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The Virginia state capitol in Richmond. Photo: Victor J. Blue/Bloomberg via Getty Images

The Virginia Senate on Wednesday voted 21-17 along party lines to pass a bill that would abolish the death penalty.

Why it matters: The bill, which the Virginia House and Gov. Ralph Northam (D) are expected to approve, marks a major policy shift. Virginia leads the country in the number of executions it has carried out, executing roughly 1,400 people over the past four centuries, per the Death Penalty Information Center.

Details: Democrats, who control the chamber, said capital punishment could result in the execution of innocent people and highlight the racial disparities in the death penalty's application.

  • Republicans say abolishing capital punishment would take away the possibility of achieving justice for victims' families, especially in cases of murder.

The big picture: If the bill becomes law, Virginia would become the 23rd state in the U.S. to abolish the death penalty.

  • Since the Supreme Court reinstated the death penalty in 1976, Virginia has trailed only Texas in its number of executions. Virginia's most recent execution took place in 2017, and no one has received a death sentence in the state since 2011.

What to watch: President Biden has publicly opposed capital punishment and vowed to eliminate the federal death penalty.

Go deeper: America's dwindling executions

Go deeper

Dion Rabouin, author of Markets
25 mins ago - Economy & Business

The Fed could be firing up economic stimulus in disguise

Federal Reserve governor Lael Brainard at a "Fed Listens" event. Photo: Eric Baradat / AFP via Getty Images.

Even as global growth expectations increase and governments pile on fiscal spending measures central bankers are quietly restarting recession-era bond-buying programs.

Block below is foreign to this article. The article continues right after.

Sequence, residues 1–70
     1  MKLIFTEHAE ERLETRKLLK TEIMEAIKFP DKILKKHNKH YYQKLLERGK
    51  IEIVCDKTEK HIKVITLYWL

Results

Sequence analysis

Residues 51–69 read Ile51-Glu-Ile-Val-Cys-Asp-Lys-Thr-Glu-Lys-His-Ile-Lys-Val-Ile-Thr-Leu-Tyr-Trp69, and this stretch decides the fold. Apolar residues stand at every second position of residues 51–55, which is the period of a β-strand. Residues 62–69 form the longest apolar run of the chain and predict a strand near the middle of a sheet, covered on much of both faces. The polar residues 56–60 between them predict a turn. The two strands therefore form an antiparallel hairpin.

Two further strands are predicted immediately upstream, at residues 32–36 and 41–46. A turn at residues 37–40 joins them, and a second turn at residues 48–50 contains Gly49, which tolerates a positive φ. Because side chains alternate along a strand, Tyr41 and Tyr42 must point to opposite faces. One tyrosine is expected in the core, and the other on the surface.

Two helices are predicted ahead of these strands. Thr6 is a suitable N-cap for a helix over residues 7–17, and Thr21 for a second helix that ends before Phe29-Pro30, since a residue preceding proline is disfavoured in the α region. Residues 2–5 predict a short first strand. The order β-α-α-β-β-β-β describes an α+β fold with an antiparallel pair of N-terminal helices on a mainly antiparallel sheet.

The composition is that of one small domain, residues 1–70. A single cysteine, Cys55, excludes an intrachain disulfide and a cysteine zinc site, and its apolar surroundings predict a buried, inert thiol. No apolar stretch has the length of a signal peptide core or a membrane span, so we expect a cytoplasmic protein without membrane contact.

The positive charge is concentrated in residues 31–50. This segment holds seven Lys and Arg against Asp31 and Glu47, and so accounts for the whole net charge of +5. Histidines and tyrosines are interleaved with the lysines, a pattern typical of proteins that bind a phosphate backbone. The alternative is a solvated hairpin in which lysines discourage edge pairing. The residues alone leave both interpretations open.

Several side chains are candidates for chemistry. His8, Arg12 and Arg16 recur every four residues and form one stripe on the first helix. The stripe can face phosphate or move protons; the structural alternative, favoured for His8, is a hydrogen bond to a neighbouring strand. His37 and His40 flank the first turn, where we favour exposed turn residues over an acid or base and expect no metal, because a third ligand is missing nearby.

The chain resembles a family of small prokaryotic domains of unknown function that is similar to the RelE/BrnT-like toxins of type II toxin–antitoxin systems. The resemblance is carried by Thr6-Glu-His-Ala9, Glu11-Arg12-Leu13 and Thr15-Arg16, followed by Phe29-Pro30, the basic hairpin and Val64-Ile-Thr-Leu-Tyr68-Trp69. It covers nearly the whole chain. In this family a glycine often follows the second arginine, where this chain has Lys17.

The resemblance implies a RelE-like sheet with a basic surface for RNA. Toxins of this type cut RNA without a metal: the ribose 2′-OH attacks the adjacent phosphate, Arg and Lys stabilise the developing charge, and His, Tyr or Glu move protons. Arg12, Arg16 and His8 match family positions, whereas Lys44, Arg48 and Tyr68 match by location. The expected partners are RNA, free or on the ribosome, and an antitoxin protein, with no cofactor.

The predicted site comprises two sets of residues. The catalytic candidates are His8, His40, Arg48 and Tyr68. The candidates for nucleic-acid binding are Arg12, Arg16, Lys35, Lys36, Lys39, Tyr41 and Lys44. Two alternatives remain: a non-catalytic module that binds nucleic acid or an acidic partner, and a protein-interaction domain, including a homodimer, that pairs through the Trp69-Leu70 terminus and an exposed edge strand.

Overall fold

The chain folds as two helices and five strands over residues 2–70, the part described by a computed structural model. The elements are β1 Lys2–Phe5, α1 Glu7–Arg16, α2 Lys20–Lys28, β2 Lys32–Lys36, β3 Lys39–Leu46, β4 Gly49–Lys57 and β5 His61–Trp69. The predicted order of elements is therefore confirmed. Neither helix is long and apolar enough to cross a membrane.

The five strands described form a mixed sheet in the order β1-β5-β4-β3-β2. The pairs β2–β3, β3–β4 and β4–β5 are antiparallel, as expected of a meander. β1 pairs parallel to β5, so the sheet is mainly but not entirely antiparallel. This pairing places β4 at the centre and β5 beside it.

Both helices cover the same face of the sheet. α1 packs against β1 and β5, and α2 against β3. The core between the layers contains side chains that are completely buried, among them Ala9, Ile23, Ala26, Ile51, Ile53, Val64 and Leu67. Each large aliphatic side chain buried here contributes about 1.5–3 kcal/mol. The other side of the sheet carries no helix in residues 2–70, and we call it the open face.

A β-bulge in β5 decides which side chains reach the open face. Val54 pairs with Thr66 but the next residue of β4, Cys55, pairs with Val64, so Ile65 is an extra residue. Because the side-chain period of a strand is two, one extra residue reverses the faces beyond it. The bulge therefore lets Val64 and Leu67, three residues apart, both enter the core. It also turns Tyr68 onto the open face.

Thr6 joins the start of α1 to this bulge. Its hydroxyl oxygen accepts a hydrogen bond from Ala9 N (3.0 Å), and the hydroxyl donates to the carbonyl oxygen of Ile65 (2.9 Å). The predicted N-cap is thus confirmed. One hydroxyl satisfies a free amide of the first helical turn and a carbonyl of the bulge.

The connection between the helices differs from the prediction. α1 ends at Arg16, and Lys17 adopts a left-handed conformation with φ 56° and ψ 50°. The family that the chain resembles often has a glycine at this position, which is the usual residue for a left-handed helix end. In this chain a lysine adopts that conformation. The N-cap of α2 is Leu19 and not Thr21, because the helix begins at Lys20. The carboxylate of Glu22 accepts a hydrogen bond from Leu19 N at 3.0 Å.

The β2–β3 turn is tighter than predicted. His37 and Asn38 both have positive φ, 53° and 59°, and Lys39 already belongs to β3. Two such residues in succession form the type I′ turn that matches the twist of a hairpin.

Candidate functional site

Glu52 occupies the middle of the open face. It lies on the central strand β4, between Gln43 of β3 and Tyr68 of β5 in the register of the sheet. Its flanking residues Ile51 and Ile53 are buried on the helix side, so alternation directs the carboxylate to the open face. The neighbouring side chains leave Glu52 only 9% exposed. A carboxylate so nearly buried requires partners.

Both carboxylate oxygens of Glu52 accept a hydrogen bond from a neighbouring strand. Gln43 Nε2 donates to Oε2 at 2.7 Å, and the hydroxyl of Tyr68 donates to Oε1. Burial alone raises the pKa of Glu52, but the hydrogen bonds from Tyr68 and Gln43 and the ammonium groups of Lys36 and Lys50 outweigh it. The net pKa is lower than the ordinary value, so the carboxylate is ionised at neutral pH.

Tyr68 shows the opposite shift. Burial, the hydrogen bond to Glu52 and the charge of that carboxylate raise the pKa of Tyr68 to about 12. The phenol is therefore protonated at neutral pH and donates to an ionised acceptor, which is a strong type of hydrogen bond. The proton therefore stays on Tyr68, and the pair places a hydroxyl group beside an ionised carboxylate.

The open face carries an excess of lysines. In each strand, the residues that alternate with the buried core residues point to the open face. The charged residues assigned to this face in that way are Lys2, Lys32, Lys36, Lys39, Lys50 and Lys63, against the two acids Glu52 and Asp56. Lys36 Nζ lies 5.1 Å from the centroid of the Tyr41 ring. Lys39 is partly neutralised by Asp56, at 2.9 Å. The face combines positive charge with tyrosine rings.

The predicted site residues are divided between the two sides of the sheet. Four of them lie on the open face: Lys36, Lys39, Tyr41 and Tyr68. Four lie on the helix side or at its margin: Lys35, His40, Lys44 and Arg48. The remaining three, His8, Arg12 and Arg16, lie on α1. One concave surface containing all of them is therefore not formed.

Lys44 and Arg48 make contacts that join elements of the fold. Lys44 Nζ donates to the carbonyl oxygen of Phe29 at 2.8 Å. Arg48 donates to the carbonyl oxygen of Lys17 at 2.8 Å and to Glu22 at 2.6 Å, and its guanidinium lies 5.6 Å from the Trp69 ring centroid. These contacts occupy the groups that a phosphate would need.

Driving the news: Comments Tuesday from Fed governor Lael Brainard suggest the Fed may be jumping onboard the global monetary policy rethink and restarting a program used following the 2008 global financial crisis.

Democrats' hypocrisy moment

Illustration: Eniola Odetunde/Axios. Photo: Ray Tamarra/Getty Images

Gov. Andrew Cuomo should be facing explicit calls to resign from President Biden on down, if you apply the standard that Democrats set for similar allegations against Republicans. And it's not a close call.

Why it matters: The #MeToo moment saw men in power run out of town for exploiting young women. Democrats led the charge. So the silence of so many of them seems more strange — and unacceptable by their own standards — by the hour.

Police officers' immunity from lawsuits is getting a fresh look

Illustration: Aïda Amer/Axios

Nearly a year after the death of George Floyd, advocates of changes in police practices are launching new moves to limit or eliminate legal liability protections for officers accused of excessive force.

Why it matters: Revising or eliminating qualified immunity — the shield police officers have now — could force officers accused of excessive force to personally face civil penalties in addition to their departments. But such a change could intensify a nationwide police officer shortage, critics say.